The Town of Port McNeill’s municipal hall. (Derek Koel photo)

The Town of Port McNeill’s municipal hall. (Derek Koel photo)

Municipal politics: Port McNeill council meets for the first time in the new year

The town of Port McNeill had an agenda full of items to discuss, here are the highlights

Written by Derek Koel

Politi-Koel, local politics

Port McNeill council met for the first time in the new year on Jan. 11 with an agenda full of items to discuss, here are the highlights.

The standard minutes and departments reports were received and filed without much fanfare or comment, and there were no specific reports from any council members or the mayor.

The town’s cheque listing usually comes up once a month, listing all the cheques that the town writes, which is a good snapshot of how a municipality spends its money and where it goes.

The town has made a change to their cheque listing now, omitting the invoice description. You can still see who is getting the money – the company or person’s name – but not what the money is for, unless you enquire.

This reporter enquired on some of the items, and found out that $25,480 was spent locally for snow removal equipment, Councillor Shelley Downey was reimbursed $1,728.67 for her attendance at the 2022 UBCM conference in Whistler, Councillor Ann-Marie Baron spent $1,169.54 on a council device, and $1,158.15 went to a local restaurant – food for the fire department and municipal election staff.

The RCMP submitted a report for October, November, and December. For Port McNeill, property crime numbers were low compared to the 25 well-being checks, 21 mental health calls, 10 missing persons files, nine assaults and nine impaired driving investigations. The Port McNeill RCMP also covers Zeballos, Ehattesht & Oclucye, Woss, Sointula and Kyuquot, incidents are less frequent in those communities, but overall notes, including Port McNeill, show the RCMP had no drug files or commercial break and enters reported, and they had a total of 57 prisoners.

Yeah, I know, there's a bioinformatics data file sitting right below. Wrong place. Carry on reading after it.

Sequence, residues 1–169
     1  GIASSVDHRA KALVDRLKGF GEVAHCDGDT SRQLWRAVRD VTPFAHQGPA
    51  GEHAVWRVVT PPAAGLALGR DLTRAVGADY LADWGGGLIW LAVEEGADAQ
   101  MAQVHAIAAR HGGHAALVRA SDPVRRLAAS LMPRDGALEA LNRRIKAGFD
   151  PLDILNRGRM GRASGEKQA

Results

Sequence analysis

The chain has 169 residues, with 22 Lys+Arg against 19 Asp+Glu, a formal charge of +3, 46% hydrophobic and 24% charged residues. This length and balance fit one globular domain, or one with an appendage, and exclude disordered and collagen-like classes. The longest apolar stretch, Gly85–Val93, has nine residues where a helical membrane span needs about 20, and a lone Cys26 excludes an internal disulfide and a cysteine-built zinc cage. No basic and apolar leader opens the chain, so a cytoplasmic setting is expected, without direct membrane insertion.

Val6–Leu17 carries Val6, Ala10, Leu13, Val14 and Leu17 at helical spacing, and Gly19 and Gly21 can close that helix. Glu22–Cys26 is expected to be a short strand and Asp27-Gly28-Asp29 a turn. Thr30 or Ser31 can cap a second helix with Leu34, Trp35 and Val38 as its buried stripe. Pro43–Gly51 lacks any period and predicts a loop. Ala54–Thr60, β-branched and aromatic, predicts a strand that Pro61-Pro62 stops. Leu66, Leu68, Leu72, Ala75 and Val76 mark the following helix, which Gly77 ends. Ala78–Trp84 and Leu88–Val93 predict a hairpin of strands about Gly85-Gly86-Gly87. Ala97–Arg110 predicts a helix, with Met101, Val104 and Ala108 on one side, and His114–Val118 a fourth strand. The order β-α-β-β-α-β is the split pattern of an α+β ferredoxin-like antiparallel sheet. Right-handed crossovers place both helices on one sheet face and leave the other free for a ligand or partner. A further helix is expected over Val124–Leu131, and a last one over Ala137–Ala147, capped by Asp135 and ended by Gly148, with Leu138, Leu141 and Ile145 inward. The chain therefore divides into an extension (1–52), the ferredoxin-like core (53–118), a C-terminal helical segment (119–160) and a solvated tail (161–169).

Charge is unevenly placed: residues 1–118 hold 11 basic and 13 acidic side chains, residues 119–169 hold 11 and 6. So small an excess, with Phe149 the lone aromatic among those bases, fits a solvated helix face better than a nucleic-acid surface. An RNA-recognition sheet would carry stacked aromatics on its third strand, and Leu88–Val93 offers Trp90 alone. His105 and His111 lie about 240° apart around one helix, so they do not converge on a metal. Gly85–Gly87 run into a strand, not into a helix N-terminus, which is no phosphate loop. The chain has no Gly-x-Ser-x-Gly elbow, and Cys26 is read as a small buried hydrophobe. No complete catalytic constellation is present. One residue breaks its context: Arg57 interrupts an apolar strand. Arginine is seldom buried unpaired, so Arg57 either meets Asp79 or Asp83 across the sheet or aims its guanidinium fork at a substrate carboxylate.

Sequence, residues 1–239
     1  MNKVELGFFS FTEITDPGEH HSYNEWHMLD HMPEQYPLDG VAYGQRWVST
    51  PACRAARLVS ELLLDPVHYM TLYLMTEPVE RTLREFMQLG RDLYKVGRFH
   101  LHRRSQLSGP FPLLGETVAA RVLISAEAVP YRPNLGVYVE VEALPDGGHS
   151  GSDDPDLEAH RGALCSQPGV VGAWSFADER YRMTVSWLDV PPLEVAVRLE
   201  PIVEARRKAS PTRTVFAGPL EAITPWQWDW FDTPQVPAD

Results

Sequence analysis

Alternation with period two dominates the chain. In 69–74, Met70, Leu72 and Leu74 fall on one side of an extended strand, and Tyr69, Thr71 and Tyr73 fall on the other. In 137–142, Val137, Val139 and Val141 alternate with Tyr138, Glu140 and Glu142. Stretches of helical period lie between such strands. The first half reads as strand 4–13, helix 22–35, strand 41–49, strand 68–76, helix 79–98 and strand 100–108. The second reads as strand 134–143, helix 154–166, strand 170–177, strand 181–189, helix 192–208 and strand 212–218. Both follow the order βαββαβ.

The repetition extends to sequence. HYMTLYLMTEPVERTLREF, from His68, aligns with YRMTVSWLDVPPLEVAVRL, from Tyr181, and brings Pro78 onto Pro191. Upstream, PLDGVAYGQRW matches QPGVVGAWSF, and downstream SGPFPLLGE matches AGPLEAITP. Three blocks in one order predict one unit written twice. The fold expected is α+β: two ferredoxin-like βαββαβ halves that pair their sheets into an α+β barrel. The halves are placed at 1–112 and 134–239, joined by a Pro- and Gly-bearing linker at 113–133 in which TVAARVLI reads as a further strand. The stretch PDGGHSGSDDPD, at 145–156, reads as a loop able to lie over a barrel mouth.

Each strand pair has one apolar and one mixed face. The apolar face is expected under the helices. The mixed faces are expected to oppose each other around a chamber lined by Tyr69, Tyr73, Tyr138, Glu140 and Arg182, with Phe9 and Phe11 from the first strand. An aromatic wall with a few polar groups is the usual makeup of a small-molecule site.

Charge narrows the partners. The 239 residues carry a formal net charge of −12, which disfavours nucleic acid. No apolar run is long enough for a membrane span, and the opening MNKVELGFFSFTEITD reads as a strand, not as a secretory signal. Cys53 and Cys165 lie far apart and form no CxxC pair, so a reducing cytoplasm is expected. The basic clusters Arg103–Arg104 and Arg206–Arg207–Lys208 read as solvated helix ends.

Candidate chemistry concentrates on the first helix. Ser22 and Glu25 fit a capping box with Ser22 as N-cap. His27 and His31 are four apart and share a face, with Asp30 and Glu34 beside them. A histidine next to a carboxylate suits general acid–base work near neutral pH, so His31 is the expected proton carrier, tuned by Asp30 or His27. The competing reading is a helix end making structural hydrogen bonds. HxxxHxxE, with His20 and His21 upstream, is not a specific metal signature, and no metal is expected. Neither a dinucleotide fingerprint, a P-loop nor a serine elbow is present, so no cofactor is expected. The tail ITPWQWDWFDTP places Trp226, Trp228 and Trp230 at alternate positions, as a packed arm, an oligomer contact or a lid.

The Broughton Straight Campground operator reported revenue for last year was up by almost 75 per cent. Concerns about the lack of laundry facilities and Wi-Fi were addressed. The biggest complaint has been the condition of the road followed by complaints about an extremely loud and bothersome Orcafest baseball team, who won’t be welcomed back.

Staff presented the brand-new Public Notice Bylaw (No.716) to council. The report explained Section 94.2 of the Community Charter authorizes council to adopt a bylaw providing for alternative means of publishing a notice. The bylaw is required to specify at least two means of publication by which a notice is to be published. The report suggested that the traditional newspaper ads be forgone for exclusive notifications via the town’s website and Facebook page. The report stated utilizing web-based posting of public notices will reduce advertising expenses.

Council ended up having a healthy discussion on the subject with some good suggestions, but right out of the gate they expressed their displeasure to the idea.

“Facebook cannot be the go to for advertising,” said Downey.

“I’m uncomfortable with it only being electronic,” added Baron.

Councillor Leanne Ruel expressed worry that it could “exclude certain demographics.”

Mayor James Furney exclaimed he’s “very uncomfortable with Facebook.”

With that, Bylaw 716 went back to the drawing board, seemingly in favor of some sort of hybrid social media/website/print model that staff will sort out and report back on.

As reported on last month, the North Island Crisis and Counselling Center Society applied for $20,000 of the town’s COVID-19 restart funds, to help renovate a (still) undisclosed location in downtown Port McNeill. It was made public this meeting that they got the money. The town included a clause that states if the lease is terminated before five years, they have to pay back the $20k grant, on a prorated basis, but interest free.

The meeting concluded with the usual questions from the public and media segment. Three members of the public were present, with one person specifically asking, “what is the plan to fix the hatchet job,” referring to the recent mechanized trimming of road side vegetation around town.

Chief Administrative Officer Brenda Johnson replied the town has “somebody coming in to assess the trees and see what can be done to improve the visual on it, we are moving forward on that.”

Council concluded the meeting then went behind closed doors to discuss “the acquisition, disposition or expropriation of land or improvement…”

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City Councilmunicipal politics